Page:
In Living ColorAuthor:Abigail Stone
Adam Hunter adds dynamic drama to a Santa Monica home
The cream-colored interiors of film director Nancy Meyers have become synonymous with L.A.’s Westside. Yet they’re a far cry from the work of Adam Hunter. The interior designer orchestrates voluptuous textures, metallics, bold colors, generously proportioned furniture and accessories to create rooms characterized by what he calls their “restrained drama.” So he was puzzled when the owners of this Santa Monica home dropped the word rustic into the conversation.
“That’s not usually a word I’d use to describe my design,” says Hunter diplomatically. It also seemed at odds with the crisp sophistication that permeated their other desires for the home. “They retain a very New York vibe,” he says, “and it informed everything we did,” noting, as one literal interpretation, their wish for a guest bath inspired by the city’s subway system. “They were looking for something a little edgy,” says Hunter. “They wanted daring. And they really leaned into color.” Hunter delved deeper, intent on discovering what they meant by the discordant word. “We settled on organic,” he says.
Corralling natural and sensual into its definition, it was an astute choice. It encompasses the varying marbles Hunter chose, from the Calacatta Viola used in the formal powder room to the Panda White that comprises the husband’s imposing desk and the dramatic streaked Zebrano chosen for the fireplace wall in the family room. It describes the home’s use of unexpected and tactile shapes, like the formal living room’s coffee table, which juxtaposes a sinuous marble top with a wooden base puzzled together from interlocking wood triangles. And it evokes the depth of the home’s spectrum of rich colors, from the wine mohair that covers the dining room’s chairs to the kitchen’s forest green custom cabinetry, as well as the plump hunter green leather club chairs in the primary bedroom, the range of deep blues employed in the formal living room and the chartreuse poufs in the husband’s office and its paneled white oak walls. “I love anything inspired by nature,” Hunter confesses.
The former thespian—whose Broadway credits include starring roles in Les Miserables and The
Lion King—nods to his theatrical experience in his ability to create a mood by manipulating dynamic textures. “I love materials that seem to reflect and refract light.” Witness the stripes of matte and shine etched into a brass credenza that underlines the dining room’s theatricality or the energetic striations of the wall treatment that wraps the room. The suggestion of serenity is settled over the primary bedroom via the shimmer emitted by the mix of wool and silk in Zebois. Plucked from Hunter’s collection for the Rug Company, its design fuses a wood-grain pattern with that created by the exotic markings of a zebra’s coat. In the formal living room, a bold snakeskin-inspired rug unfurls a hint of drama. It’s tempered by the velvet, threaded with silver strands, which covers that room’s chairs, the pointillist bouclé that wraps the sofa and the demure toile used for the curtains. In the breakfast nook, a pixel-patterned textile dapples the space with the calm quiet of early morning.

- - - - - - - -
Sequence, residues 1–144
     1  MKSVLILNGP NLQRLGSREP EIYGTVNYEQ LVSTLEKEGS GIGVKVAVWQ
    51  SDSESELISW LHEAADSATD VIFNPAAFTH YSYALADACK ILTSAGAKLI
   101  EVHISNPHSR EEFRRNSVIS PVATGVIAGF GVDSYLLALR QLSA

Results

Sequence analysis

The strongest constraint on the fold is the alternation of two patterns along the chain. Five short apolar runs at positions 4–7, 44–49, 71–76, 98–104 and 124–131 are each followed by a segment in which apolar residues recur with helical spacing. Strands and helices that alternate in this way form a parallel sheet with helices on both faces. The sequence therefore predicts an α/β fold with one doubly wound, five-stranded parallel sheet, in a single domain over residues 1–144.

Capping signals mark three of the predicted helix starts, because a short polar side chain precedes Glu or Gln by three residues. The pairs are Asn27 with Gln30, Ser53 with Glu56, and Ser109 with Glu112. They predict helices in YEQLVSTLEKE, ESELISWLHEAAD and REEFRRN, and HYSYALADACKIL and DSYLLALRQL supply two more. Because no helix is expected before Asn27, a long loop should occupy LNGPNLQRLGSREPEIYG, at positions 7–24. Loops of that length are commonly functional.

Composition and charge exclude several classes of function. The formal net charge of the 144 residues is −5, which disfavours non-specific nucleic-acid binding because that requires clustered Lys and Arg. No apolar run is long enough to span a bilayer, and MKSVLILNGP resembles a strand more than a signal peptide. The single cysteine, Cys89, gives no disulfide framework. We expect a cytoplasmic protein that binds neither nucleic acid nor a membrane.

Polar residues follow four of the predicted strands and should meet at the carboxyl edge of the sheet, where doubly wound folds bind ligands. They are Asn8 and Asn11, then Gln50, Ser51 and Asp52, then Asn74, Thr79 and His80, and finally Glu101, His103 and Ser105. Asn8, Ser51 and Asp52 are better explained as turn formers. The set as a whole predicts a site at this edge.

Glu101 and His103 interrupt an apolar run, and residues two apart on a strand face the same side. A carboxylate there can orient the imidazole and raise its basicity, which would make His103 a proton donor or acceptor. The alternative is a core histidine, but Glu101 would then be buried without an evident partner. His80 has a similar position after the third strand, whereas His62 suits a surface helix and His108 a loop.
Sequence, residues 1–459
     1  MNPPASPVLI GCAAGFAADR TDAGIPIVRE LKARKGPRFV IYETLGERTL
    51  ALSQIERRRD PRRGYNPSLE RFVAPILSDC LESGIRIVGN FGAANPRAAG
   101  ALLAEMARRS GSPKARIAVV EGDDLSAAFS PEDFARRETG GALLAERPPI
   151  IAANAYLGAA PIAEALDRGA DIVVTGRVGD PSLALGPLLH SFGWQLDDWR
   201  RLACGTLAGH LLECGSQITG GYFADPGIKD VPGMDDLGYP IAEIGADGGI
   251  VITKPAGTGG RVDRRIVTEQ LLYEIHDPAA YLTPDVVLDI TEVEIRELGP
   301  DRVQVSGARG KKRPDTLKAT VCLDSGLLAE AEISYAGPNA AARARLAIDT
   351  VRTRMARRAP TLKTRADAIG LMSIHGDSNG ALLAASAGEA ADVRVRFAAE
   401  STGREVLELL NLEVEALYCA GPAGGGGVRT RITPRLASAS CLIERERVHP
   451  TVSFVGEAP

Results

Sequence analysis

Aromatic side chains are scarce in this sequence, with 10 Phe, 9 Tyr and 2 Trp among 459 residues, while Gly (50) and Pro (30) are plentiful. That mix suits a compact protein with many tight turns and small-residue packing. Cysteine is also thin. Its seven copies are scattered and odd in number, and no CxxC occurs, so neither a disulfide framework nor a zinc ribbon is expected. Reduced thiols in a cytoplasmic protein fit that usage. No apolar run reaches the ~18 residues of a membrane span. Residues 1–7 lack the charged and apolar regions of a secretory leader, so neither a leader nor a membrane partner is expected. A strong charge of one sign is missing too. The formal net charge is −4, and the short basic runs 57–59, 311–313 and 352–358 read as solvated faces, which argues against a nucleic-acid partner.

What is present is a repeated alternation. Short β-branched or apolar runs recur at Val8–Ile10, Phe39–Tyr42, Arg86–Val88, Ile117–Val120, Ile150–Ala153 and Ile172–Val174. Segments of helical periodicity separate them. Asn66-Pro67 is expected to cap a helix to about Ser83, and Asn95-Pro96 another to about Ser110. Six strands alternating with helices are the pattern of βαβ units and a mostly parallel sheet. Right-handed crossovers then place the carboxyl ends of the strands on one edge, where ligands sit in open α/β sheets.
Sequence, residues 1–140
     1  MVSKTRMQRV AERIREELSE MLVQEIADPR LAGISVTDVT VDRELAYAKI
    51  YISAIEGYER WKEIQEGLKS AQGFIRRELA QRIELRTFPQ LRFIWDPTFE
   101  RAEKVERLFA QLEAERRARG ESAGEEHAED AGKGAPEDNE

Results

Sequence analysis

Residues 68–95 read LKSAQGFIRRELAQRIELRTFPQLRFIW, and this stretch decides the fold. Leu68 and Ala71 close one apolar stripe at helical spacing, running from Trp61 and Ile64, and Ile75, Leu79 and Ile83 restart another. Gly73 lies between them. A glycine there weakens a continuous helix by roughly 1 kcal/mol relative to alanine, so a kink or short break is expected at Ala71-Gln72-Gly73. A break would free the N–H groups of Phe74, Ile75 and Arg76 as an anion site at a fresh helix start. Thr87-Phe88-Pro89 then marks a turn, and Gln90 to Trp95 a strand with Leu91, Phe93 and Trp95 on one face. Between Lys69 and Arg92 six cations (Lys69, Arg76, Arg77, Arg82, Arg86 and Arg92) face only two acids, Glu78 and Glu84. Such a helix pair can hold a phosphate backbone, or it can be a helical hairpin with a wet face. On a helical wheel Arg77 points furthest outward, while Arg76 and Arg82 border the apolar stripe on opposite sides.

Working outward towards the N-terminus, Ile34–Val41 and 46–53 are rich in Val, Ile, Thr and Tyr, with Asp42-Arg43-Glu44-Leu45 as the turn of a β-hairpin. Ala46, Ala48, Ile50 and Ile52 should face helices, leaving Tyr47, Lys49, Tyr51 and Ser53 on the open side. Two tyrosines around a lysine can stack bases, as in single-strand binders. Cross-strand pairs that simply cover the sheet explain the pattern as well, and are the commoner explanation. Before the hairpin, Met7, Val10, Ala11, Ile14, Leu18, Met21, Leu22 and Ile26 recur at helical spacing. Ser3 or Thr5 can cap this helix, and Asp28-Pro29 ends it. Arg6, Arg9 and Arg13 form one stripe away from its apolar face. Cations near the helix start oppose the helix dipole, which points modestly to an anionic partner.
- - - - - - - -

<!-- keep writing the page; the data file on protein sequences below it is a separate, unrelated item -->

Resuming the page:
In the family room, Hunter found a place for a pair of wicker swinging chairs the clients adored. Although they may seem as incongruous to Hunter’s work as the word rustic, their elegant shape, and the decision to hang them just in front of the French doors that open to the garden, balances the room’s profusion of deep tones and angular shapes. “And how do you not love a swinging chair?” asks Hunter. In fact, it turns out that Hunter incorporates a whimsical—even discordant—element into every room. “It takes a space from the choreographed static of a stage set to the tumultuous energy of real life,” he shares. In the kitchen, that role is played by the complementary trio of glass pendants and the buxom brass hood. In the formal living room, it’s shouldered by the pixie-stick design of the ceiling fixture, the sofa’s unexpected angularity and that sculptural coffee table. In the dining room, it’s the tangled iron pendant that dangles above the custom dining table. It adds an unexpected cheekiness to the flamboyance of that sparkling credenza, the chaotic chiaroscuro of the wall covering and the formality implied by the color of the chairs. In the front entry, it’s the vivacious trellis etched into the pale carpet that winds up the stairs. “The joy,” Hunter notes, “is in finding the mix.”
The result is surprisingly tranquil. “People always get nervous when it comes to color,” Hunter admits. “My trick to making it feel like a neutral is to use one, maybe two colors that are super strong, then ground them with black, white and gray so it reads as calming and peaceful.” Blues and greens, he suggests, are the easiest to work with. “If you think about it, they’re all around us—blue sky, blue water, green grass, green trees. And really, is there anything more soothing than that?”